“A few béguinages persisted until the early 20th century in parts of Belgium, including those of Bruges, Lier, Mechelin, Leuven and Ghent, which last numbered nearly a thousand members in 1905.
“Marcella Pattyn, the last traditional Beguine, died on 14 April 2013 in Kortrijk at the age of 92. Born in the Belgian Congo in 1920, she was accepted into the Béguinage of St Elisabeth at Sint-Amandsberg, Ghent in 1941 and moved to the Béguinage of St Elisabeth at Kortrijk in 1960, where she became one of a community of nine.
“The community of the Amsterdam Begijnhof (Beguine House), credited with having considerably influenced the development of what was the city’s southern edge in the late Middle Ages, survived the Protestant Reformation staunchly Catholic. Their parish church was confiscated and given over to exiled English Puritans. The last Amsterdam Beguine died in 1971, but the Begijnhof remains one of the city’s best-known landmarks” (wikipedia).                                                                                               Today communities in several countries are reviving the Beguine order.

St Begga, one of my ancestral saintly grandmothers and family patrons, is commemorated also on her other feast day, September 6.

King Saint Judicaël (c. 590 – 16 or 17 December 658), generation 46 grandfather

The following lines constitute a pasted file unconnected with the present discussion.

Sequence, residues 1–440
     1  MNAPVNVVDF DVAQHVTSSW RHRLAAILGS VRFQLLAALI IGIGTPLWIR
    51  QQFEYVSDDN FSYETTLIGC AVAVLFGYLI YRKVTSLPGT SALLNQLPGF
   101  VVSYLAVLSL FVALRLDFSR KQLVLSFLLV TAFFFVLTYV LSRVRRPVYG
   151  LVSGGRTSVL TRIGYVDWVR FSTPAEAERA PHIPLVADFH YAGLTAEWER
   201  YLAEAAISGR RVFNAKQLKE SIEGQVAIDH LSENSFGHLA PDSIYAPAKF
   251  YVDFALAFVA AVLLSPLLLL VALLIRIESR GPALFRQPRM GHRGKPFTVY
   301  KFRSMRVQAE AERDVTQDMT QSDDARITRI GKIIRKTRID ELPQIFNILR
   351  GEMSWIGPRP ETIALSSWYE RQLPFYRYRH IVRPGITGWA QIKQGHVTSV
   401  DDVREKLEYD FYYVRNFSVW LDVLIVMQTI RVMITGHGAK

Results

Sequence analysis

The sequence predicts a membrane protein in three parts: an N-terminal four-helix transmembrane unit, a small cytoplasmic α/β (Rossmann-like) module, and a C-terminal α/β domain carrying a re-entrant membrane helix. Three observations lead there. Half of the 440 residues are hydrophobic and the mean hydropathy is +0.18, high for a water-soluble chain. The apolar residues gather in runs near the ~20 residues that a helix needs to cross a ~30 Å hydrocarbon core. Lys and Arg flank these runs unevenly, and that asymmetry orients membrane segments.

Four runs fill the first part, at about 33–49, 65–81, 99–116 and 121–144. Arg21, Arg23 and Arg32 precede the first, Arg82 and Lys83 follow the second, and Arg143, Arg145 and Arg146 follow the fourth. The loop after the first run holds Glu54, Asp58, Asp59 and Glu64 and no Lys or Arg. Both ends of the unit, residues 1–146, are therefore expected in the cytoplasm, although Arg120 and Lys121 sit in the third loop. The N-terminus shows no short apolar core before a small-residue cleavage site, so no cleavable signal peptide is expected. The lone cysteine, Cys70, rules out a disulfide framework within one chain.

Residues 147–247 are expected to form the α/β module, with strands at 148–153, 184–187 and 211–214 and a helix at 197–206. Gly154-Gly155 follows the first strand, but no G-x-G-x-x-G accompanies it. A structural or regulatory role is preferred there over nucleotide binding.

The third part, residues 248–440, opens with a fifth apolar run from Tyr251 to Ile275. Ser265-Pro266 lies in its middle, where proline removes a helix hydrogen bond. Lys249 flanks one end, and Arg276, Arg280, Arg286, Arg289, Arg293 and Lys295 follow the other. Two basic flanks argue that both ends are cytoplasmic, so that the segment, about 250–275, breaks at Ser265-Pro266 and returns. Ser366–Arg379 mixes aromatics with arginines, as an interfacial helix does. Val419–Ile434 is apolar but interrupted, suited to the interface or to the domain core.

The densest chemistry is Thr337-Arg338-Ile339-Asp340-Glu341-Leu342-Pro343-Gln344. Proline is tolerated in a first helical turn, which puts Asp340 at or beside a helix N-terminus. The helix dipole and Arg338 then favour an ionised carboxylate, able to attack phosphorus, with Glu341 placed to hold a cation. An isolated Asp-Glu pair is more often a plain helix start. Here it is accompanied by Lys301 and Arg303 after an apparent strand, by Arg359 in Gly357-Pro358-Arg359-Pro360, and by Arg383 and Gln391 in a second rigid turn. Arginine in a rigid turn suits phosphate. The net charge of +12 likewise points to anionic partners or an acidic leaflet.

St Judicaël was the son of King Hoel III (Judhaël) and himself became high king of the Bretons (the Celtic peoples of Northwest France who had immigrated from Cornwall and Wales). This dynastic line descends directly from two sisters of St Patrick, Sts Darerca and Tigridia, and contains many saints within its family. After founding numerous abbeys, and surviving numerous political turns, Judicaël retired to the monastery of his mentor and friend St Meën, where he lived as a humble monk. At one point he was called back to take the throne again, but eventually retired a second time, ending his life as a monk. At least some of his years as a monk were spent as a solitary hermit. He was succeeded as king temporarily by his younger brother Saint Judoc (Josse) who also had retired to a monastery and returned there after serving briefly as king. Eventually, St Judicaël’s son, Alain II ascended the throne. St Judicaël’s third generation uncle-cousin, St Tydecho, is also celebrated on this date.

Saint Tydecho (exact dates unknown, 6th c.),                     generation 49 uncle
St Tydecho is said to be the brother or half-brother of the more famous St Cadfan; both brothers were were sons of Princess St Gwen Teirbron by either her first husband St Fragan, or by her second husband Eneas Ledewig.  St Gwen was a daughter of King Budic II; her Celtic Briton family ruled variously at different times parts of northern England, Wales and Cornwall and then Brittany. Their line of descent is traced to St Patrick’s sisters, Sts Darerca and Tigridia, whose uncle or great uncle was St Martin of Tours. There were a very large number saints within their immediate and somewhat extended family.
St Tydecho, like his brother St Cadfan, was a priest and a Benedictine monk, and seems to have founded several churches in both Wales and Brittany, some of which still bear his name.